It Started With Eve (1941)
Millionaire businessman Jonathan Reynolds (Charles Laughton) lies dying, as newspapers prepare his obituary and his son, Jon (Robert Cummings), rushes to his bedside from Mexico. When his father begs to see Gloria Pennington (Gloria Tallichet), who he has just become engaged to, Jon hurries to her hotel, but she is out. In desperation, Jon recruits the services of impecunious hat-check girl Anne Terry (Deanna Durbin), offering her fifty dollars if she will pose as Gloria just once. On the verge of giving up on her dream of a musical career and quitting New York for Ohio, Anne needs the money badly and agrees to the impersonation. Reynolds’ warm and approving welcome makes Anne feel deeply guilty, although Jon assures her that she has done a kindness in setting his father’s mind at rest. Everyone then withdraws to wait and grieve…but when the morning comes, Jonathan Reynolds has found a new lease on life, and immediately demands to see “Gloria” again… It Started With Eve was the last in the series of films that Deanna Durbin made with producer Joe Pasternak and director Henry Koster—films that pulled Universal back from the brink of disaster, after the Laemmles lost control of the studio—and it is one of the best. One of its strengths is that while Anne may show the best of herself to Jonathan Reynolds, she’s no angel. Initially willing to do whatever she can to help Jon ease her out and introduce the real Gloria to his father, once she learns that various important figures in the world of music, including Leopold Stokowski*, are frequent visitors to the Reynolds house, Anne makes up her mind that she isn’t going anywhere… People who don’t care for musicals shouldn’t shy away from It Started With Eve: Deanna does have a couple of musical numbers, but they’re not the focus of the film, which is instead the connection that, much to Jon’s exasperation, develops between Anne and his father. Charles Laughton is hilarious here, and he and Deanna are perfectly charming together—their interplay finally setting up the famous set-piece where Anne and Reynolds burn up the dance floor of a New York nightclub with an energetic rumba. Unfortunately, however, the film feels compelled to manufacture a romance between Anne and Jon, when there is no reason whatsoever why she should fall for such a selfish, superficial prat. My dream ending to this film has Anne and Reynolds hooking up, so that Jon is disinherited (preferably after he marries the dreadful Gloria). That, or Reynolds appoints himself Anne’s sugar-daddy, so that she may have the musical career she has always longed for, and which she certainly isn’t going to get as Mrs Jonathan Reynolds Jr…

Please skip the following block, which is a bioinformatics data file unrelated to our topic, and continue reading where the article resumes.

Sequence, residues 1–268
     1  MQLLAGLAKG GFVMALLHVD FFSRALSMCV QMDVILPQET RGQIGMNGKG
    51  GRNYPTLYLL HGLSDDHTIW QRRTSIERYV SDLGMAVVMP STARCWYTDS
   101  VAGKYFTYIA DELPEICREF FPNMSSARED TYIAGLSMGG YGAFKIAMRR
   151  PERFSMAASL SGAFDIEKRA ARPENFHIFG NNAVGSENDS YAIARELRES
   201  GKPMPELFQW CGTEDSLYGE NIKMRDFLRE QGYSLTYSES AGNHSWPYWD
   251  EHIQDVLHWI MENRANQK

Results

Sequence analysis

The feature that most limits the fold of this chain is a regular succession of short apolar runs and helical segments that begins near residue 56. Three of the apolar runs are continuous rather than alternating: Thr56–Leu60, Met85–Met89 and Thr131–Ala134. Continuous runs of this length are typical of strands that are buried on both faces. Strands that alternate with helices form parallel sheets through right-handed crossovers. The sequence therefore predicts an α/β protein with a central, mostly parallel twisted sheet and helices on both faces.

(*And all the Bugs Bunny fans cry in unison: “LEOPOLD!”)
Brighton Rock (1947)